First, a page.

Tuesday, 5 November 2013

The Valley of Death written by Jonathan Morris (from a story by Phillip Hinchcliffe) and directed Ken Bentley

What’s it about: A century after his Great-Grandfather Cornelius vanished in the Amazon rainforest, Edward Perkins is journeying to the depths of the jungle to find out what became of his ancestor’s lost expedition. Intrigued by what appears to be a description of a crashed spacecraft in the diaries of that first voyage, the Doctor and Leela join him on his quest. But when their plane runs into trouble and ends up crash landing, everyone gets more than they bargained for. The jungle is filled with giant creatures and angry tribesmen, all ready to attack. But in the famed lost city of the Maygor tribe, something far, far worse is lurking. Something with an offer to make to mankind. Who are the Lurons and can they be trusted? Will the Doctor defeat the plans of the malevolent Godrin or will he become just another victim of the legendary Valley of Death...

Teeth and Curls: The Doctor tramples all over the mystery of the tale with logic, asking if the Professor vanished without a trace how his diary found it’s way back to England. Had this story been made it would have been the last time the Doctor mentioned his association with UNIT during his fourth lifetime. When the Doctor gets deadly serious Leela knows to do precisely as she’s told. A city of solid gold is a bit flashy for the Doctor’s tastes but then he has never exactly been in vogue. He’s fallen victim to too many traps in his four lives that spikes descending from the ceiling just don’t cut it anymore. In a moment that quite took my breath away the Doctor informs Godrin in no uncertain terms that if he shared his lack of interest in life then he wouldn’t be standing, breathing now for all the loss of life he has caused. I love it when Baker gets angry, his Doctor feels dangerous when he does. He’s happy to call in the help of UNIT if it is necessary but in the same breath he’ll happy mock them at every opportunity. The Doctor is appalled at the inadequacies of his duplicate despite the fact they look and sound exactly the same. Obviously he thinks he is unique. He’ll accept his weaknesses though, he admits that he wouldn’t have lasted much longer exposed to the radiation of the Luron sun if Leela hadn’t turned up.

Noble Savage: You can always count on Leela to be honest and she informs Edward Perkins that his grandfather was stupid for not listening to the people of the jungle and that his fate was justly deserved. He first experience in an aeroplane does not feel like flying to Leela, being trapped inside the belly of a machine that hurts her ears. But she likes the windows, you can see where you are going unlike the TARDIS. She often talks about having no fear of death but proves it when they are plummeting to their deaths in a screaming plane and all traces of terror are absent. Especially in comparison to the other female passenger. The jungle is Leela’s natural environment so you can be sure that she shines in this adventure – she does so in pretty much all of her stories but she has an opportunity to outfox nature in the way that only she knows how here. Never underestimate her intelligence, she spots immediately that there is ‘little man’ behind Godrin giving the deity as bombastic voice. She has absolute faith in the Doctor, considering their foe beat just because he is present. Leela offers a man a massage, not aware of the effect that she has on them. She tries her best but sometimes she cocks up the simplest of proverbs (‘The beach is clear?’). Leela is excited to see her duplicate because she wants to know if she fights as well as she does. Leela proves that she has learnt a great deal from the Doctor when she declares the powerful weapon in the universe the sonic screwdriver. Because it is a tool of intellect rather than savagery.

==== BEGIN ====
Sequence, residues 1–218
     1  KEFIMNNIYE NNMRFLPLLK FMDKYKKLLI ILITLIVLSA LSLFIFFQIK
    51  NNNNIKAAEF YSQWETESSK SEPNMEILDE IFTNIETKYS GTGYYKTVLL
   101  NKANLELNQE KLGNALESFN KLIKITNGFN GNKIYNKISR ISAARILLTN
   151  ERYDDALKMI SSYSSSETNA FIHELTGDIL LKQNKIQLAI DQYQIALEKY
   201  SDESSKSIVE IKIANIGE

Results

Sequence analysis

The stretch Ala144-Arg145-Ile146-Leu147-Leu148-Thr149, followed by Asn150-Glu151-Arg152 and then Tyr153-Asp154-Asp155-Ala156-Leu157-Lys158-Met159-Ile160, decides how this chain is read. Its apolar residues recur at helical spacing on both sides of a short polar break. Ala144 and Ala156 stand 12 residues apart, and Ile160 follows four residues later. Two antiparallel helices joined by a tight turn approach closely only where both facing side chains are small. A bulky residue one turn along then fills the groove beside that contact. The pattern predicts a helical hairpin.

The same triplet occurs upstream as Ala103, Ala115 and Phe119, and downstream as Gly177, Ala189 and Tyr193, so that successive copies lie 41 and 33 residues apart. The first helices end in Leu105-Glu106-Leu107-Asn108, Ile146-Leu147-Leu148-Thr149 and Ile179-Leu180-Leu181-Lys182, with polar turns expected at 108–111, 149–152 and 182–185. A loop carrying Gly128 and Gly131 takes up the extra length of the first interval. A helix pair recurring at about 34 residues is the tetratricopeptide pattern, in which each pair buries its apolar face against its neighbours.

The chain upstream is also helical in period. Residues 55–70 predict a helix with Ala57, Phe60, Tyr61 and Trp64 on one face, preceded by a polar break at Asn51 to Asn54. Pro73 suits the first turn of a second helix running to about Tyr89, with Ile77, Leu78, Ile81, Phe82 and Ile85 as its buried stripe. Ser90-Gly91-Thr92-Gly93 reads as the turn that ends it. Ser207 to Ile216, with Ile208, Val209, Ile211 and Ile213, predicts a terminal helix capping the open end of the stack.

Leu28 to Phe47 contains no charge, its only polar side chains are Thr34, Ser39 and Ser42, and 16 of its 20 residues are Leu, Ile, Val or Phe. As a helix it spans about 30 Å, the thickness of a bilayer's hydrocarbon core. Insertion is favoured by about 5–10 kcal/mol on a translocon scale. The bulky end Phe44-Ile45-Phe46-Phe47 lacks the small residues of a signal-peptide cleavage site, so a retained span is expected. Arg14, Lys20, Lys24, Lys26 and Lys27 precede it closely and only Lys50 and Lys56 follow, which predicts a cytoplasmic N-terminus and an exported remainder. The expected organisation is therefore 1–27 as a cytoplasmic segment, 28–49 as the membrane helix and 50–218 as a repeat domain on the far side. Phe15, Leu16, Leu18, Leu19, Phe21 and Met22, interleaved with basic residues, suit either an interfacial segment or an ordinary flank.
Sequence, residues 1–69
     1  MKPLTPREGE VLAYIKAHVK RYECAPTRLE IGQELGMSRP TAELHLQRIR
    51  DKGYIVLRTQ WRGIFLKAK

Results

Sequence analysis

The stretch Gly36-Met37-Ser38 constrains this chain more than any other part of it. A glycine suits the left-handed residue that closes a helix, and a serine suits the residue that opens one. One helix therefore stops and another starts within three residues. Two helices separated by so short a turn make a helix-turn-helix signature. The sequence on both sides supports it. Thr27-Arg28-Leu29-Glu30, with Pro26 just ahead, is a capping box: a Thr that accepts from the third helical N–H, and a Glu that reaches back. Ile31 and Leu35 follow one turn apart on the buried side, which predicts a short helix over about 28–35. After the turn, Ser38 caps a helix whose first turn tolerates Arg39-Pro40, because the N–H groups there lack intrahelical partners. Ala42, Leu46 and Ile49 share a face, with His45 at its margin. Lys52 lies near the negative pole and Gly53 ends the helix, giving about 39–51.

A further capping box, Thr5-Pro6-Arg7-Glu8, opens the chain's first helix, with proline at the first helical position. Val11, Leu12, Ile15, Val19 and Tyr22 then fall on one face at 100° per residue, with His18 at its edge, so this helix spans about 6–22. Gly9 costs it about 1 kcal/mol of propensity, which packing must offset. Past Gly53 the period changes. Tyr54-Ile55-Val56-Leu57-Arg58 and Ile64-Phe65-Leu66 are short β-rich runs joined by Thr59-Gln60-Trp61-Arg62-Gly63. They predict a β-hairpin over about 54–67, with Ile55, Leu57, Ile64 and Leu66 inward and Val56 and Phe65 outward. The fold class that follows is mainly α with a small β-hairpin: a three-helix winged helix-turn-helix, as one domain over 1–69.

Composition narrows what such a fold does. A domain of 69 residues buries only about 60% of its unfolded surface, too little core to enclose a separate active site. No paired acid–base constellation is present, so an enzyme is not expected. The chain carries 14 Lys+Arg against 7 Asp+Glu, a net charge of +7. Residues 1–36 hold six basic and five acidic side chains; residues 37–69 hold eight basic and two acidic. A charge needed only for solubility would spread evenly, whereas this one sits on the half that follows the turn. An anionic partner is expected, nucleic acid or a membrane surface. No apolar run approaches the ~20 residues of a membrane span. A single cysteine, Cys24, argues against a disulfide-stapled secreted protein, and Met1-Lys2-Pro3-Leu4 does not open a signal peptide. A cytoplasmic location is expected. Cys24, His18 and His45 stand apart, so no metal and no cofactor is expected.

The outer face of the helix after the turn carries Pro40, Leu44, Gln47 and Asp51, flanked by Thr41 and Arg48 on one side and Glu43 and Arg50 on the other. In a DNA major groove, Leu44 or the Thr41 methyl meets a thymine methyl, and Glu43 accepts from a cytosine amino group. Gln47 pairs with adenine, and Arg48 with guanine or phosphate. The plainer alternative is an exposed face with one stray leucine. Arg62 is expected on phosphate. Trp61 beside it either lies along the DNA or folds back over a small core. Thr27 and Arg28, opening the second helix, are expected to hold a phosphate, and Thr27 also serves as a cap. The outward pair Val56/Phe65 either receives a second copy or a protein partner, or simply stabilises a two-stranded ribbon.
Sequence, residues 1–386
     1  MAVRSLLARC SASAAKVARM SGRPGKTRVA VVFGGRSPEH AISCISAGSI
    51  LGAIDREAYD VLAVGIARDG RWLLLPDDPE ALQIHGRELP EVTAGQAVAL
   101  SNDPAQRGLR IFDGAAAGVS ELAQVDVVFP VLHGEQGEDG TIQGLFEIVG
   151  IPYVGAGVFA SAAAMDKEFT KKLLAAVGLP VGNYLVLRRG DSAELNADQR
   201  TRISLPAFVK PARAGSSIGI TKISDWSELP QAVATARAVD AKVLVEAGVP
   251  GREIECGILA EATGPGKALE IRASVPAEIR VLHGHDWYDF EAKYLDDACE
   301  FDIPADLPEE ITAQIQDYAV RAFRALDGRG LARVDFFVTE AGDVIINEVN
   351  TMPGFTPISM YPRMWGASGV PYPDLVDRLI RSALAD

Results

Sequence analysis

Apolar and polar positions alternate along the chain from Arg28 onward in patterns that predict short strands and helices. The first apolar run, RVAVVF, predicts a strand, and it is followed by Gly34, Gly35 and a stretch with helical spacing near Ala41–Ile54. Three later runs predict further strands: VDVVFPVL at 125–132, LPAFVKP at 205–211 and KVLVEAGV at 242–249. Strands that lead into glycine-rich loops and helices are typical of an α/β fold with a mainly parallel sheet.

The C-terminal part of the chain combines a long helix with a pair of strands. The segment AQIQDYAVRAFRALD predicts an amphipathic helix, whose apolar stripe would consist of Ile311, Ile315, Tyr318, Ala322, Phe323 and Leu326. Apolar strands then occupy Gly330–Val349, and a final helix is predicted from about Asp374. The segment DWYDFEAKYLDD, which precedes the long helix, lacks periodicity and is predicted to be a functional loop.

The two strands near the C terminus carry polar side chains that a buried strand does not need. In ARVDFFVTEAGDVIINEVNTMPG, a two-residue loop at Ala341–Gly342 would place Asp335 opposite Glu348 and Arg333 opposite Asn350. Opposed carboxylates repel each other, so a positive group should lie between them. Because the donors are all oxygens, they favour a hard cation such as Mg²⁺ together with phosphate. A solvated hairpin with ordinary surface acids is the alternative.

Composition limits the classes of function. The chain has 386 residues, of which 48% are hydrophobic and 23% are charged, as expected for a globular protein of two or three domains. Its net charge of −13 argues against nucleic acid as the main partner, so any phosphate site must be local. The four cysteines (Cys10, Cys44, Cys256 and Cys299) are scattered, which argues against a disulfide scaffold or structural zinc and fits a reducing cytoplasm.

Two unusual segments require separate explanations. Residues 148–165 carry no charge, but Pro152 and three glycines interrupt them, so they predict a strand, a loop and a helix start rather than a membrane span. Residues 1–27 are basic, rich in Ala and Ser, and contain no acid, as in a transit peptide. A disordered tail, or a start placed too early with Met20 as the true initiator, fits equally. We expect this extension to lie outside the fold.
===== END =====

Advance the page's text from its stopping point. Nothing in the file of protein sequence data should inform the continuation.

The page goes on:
Standout Performance: Nigel Carrington brings his best Brian Blessed to the role of Godrin the deity. So convincing was he that I was having flashes of the Nekross King from Wizards vs Aliens. What’s brilliant is when we get to the man behind the façade and he is as camp as Christmas.

Sparkling Dialogue: ‘More unlikely than a lost valley full of giant frogs?’
‘I’d be careful with that gadget if I were you. They might think you’re stealing their souls. Or their intellectual property.’
‘It’s an ancient temple in the middle of the Amazon rainforest – of course it’s booby trapped!’
‘This is your chance for the scoop of a lifetime. A face to face interview with God himself!’
‘It’ll be like trying to stun a wilder beast with a peashooter!’
‘Protocol? Only a military mind can make visiting an alien spacecraft sound tedious.’